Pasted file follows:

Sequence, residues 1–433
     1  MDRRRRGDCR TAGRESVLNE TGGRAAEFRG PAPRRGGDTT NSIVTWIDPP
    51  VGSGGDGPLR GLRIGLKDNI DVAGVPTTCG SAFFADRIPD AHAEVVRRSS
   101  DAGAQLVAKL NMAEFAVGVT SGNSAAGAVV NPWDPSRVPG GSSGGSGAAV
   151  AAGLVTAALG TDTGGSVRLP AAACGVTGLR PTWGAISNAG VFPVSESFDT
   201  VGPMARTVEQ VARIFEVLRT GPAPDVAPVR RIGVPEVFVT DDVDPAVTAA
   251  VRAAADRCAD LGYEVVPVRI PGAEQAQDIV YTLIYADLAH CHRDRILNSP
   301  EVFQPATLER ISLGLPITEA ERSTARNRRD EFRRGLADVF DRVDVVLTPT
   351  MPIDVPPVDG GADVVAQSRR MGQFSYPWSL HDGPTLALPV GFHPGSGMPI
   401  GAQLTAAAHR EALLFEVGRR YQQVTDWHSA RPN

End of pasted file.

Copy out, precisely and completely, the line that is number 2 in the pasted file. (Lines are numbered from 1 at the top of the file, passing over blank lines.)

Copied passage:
     1  MDRRRRGDCR TAGRESVLNE TGGRAAEFRG PAPRRGGDTT NSIVTWIDPP